Sunday, December 8, 2019
Sensory Tricks with Dystonia
A list of some sensory tricks (i.e. includes motor tricks/forced tricks/reverse tricks/imagery tricks) among various dystonias.
If you know anyone that has Focal Embouchure Dystonia or thinks they might, the list of Oromandibular Dystonia (jaw dystonia) and Cervical Dystonia (neck dystonia) sensory tricks may give them temporary relief or lessen the overall strength of the symptoms.
It's also a tell-tail sign you have dystonia if a sensory trick works. However, not all cases report sensory tricks, and some musicians don't even realize it until the neurologist finds they have one during evaluation.
I come across a lot of brass players with FD where the symptoms and/or tension spreads to their tongue, jaw, neck, shoulders, and upper back. Some of these listed are already common tricks among brass and wind players with ED.
The most that I have come across and been reported to me consistently is: placing something between the teeth, some type of modified guard or splint, icing the face before playing (this worked for me but not the safest), touching the face or neck, drastic change in body movement/posture, focusing on a specific object or visual, change in size or back pressure of mouthpiece, and tongue depressor.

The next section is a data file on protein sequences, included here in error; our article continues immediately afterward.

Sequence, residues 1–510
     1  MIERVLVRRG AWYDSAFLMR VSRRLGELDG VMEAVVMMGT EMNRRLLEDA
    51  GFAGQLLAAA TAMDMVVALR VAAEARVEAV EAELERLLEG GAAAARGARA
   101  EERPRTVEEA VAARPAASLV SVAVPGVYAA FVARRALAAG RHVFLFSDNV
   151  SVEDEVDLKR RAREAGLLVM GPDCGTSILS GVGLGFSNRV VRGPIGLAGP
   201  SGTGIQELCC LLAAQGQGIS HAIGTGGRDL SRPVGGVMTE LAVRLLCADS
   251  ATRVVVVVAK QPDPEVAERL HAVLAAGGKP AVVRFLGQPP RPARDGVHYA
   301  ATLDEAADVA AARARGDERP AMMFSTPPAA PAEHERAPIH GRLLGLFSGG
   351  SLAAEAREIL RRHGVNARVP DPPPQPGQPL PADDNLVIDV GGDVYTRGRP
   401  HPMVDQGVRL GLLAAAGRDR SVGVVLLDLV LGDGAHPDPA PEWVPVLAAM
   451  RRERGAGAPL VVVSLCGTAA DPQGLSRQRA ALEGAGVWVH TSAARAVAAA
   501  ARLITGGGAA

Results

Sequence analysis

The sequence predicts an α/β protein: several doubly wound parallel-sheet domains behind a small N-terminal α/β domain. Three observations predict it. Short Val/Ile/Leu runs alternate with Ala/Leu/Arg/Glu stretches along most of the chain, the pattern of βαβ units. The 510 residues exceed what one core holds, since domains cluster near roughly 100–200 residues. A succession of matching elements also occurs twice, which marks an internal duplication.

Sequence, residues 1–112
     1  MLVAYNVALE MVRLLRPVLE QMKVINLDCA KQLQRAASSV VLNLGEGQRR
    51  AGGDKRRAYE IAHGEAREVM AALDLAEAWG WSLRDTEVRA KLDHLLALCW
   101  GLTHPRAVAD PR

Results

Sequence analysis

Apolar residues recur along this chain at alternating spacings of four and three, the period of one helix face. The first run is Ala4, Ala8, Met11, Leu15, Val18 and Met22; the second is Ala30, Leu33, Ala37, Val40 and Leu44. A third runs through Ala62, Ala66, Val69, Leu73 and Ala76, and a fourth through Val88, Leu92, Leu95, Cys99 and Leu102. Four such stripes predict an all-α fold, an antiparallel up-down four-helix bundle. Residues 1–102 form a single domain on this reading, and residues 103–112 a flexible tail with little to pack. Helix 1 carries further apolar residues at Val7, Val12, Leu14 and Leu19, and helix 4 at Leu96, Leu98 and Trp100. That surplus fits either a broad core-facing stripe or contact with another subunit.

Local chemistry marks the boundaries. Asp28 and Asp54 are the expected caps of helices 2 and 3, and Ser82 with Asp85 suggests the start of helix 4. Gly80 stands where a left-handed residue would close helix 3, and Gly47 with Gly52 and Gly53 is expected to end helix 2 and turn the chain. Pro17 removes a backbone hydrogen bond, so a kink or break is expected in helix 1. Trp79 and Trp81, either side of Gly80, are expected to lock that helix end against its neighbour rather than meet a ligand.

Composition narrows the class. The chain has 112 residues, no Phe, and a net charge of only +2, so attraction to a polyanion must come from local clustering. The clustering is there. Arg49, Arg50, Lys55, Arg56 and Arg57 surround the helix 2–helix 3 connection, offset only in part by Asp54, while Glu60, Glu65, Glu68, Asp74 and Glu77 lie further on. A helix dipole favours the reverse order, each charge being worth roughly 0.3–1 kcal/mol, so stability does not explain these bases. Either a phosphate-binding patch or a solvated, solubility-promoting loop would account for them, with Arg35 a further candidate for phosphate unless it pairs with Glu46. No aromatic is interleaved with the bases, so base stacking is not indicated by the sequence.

The key is if you can find a way to incorporate it into rehabilitation or help the sensation of the sensory trick bleed over, it may aid throughout the recovery process. A few examples of this are: "geste" - visualizing the sensory trick, imagery that tricks the brain into avoiding playing mode (ex. I had to visualize blowing on hot cocoa to stop my embouchure from automatically setting). Using a modified guard or splint while playing. Incorporating a tongue depressor throughout retraining to override the damaged brain pathway.
It's not about suppressing the dystonic symptoms or avoiding them. It's about lessening them to a degree so that you have a chance to rebuild a new pathway that the brain recognizes. It's like distracting the messed up signal temporarily so you have a chance to rewire things. Sensory tricks can come in handy if you literally can't get a sound out or things are severe. However, not everyone has a sensory trick.
An actual highly successful method of treatment among musician hand dystonia patients is splinting. And there is only one study that was conducted in Japan on modified dental splinting on three patients with embouchure dystonia with all three returning to performance. It would be great if there was more research in this area of Musician's Dystonia.